When AFP reported yesterday that “King was appointed by IG Metall, the German’s metalworkers union, to serve as a labor representative on Opel’s supervisory board,” it sounded like a mistake, something lost in translation between the UAW spokeswoman Michele Martin and the French wire service.

A few phone calls later, it indeed looks like King was nominated by the German metal worker union IG Metall. According to reports, King will take the seat vacated by the union representative of Opel’s Zaragoza plant. Why the German metal workers nominate a major shareholder of GM is anybody’s guess.

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Tradewar Watch 21: Stabenow, Brown And King Suggest Suicide, Seriously Wed, 01 Feb 2012 18:04:09 +0000


American carmakers cast worried glances on Senators and union groups that want to create a level playing field with China. Senators Debbie Stabenow and Sherrod Brown, alongside union representatives and the labor-backed Economic Policy Institute try to push “the administration to bring a possible case at the World Trade Organization or begin a U.S. Commerce Department investigation that could lead to duties on Chinese-made auto parts,” as Reuters reports.

A study by the EPI alleges that the Chinese auto parts industry has received $27.5 billion in government subsidies since 2001. The study forgets that large parts of the U.S. auto industry would not be here anymore, would it not have been bailed-out by the U.S. government.

Why are carmakers horrified by the surely well-meant suggestion? Several reasons:

  • Global parts sourcing, especially in China, has helped carmakers the world over to lower production costs. Slapping a punitive tariff on Chinese parts would raise the price of the parts, and make the car uncompetitive. First customers, then UAW members would pay the price for the folly.
  • But wouldn’t it bring jobs back to America? The experience with the tire tariff, enacted on instigation of the United Steelworkers, says otherwise: The production of cheap tires simply moved from China to Thailand. From there, the tires could be imported at a lower tariff than from China, for a while even duty-free. Not a single job was created in America with the tire tariff, but a lot of porcelain was broken.
  • As the volcano in Iceland, the tsunami in Japan, and the flood in Thailand have shown, the supply lines of the auto industry are intricate and can be easily damaged. Meddling with parts imports from China could have catastrophic effects on the U.S. car industry. By the time large swaths of the Chinese parts industry have been relocated to even cheaper parts of the world, U.S. manufacturers would be out of business, its people would be out of work.
  • Especially GM is inseparably tied to China. More than a quarter of GM’s global production is sold in China, GM’s largest single market. Ford is expanding its presence in China. Chrysler hopes to get back into China on the coattails of Fiat. These companies would be on the receiving end of retaliatory measures by the Chinese government.

It is not that the lawmakers and union officials are utterly naive. They know that most of the Chinese parts production was created if not by, then at the behest of foreign carmakers, U.S. and otherwise. Bob King, president of the United Auto Workers union, acknowledges this by urging “global corporations to refrain from a ‘race to the bottom’ to find workers that they can pay the least.”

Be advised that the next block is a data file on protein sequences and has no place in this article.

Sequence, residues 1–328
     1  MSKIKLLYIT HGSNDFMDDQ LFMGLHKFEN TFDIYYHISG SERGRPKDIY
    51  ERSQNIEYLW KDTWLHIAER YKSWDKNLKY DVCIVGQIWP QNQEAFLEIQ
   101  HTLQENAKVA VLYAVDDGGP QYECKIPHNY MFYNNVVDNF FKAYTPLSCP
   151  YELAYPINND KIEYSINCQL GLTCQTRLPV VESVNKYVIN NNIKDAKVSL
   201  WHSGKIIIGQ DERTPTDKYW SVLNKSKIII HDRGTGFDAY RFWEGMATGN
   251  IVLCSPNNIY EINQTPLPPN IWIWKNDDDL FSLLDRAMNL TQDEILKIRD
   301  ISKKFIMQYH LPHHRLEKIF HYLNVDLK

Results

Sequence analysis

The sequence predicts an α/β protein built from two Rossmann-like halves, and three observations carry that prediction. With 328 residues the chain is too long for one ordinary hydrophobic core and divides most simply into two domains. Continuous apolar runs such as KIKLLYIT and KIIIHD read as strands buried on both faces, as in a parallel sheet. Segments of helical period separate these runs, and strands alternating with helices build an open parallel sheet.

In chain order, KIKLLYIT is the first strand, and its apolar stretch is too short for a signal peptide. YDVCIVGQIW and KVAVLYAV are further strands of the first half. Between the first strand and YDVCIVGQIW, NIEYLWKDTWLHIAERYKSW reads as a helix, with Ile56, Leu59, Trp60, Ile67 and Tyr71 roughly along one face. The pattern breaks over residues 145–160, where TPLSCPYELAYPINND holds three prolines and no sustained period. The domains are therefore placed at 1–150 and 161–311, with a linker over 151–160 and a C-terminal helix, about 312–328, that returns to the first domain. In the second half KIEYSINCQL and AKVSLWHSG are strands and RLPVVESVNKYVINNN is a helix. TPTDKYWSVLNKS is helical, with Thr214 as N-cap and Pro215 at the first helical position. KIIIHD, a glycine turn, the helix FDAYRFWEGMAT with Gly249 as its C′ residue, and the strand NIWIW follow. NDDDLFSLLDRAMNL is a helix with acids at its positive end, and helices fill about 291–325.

Debbie Stabenow creates communal cringes on Detroit`s executive floors when she says:

“We need to stand up to the bully on the block. The bully on the block continues to take our lunch money and we need to stop that.”

Her solution seems to be to create empty pockets: Nobody can steal your lunch money, if you don’t have any.

Meanwhile, carmakers take cover and hope that the matter is over when the circus moves out of town in November.

GM’s Washington, DC, spokesman Greg Martin asks me to understand that he won’t say anything else than a prepared statement. It arrives a few minutes later by email.

GM’s success in China, which is now the company’s largest market, illustrates the benefits of trade and good economic relations to both countries. Because China represents tremendous growth potential for American companies, we hope that both countries continue to work through their differences constructively.

Well said. Let’s hope the prayers will find an open ear.

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Do Or Die: UAW’s Hail Mary Pass Through The South Thu, 29 Dec 2011 19:46:53 +0000

A good month after our trek to the South where we checked on the (un-) willingness of transplant workers to join the UAW, the hard-hitting team at the Reuters Detroit bureau did the same.  In a special report, Reuters comes to the same conclusion as we did: It won’t be easy. Bernie Woodall and  Ben Klayman of Reuters did more thorough digging. And they unearthed the secret strategy of the UAW: With the help of the German metalworkers union, they want to talk themselves into Volkswagen and Daimler:

“By appealing to German unions for help and by calling on the companies to do the right thing, King hopes to get VW and Daimler to surrender without a fight and let the union make its case directly to workers.”

If that strategy won’t work, and it is highly unlikely that it will, it could be the end of the UAW: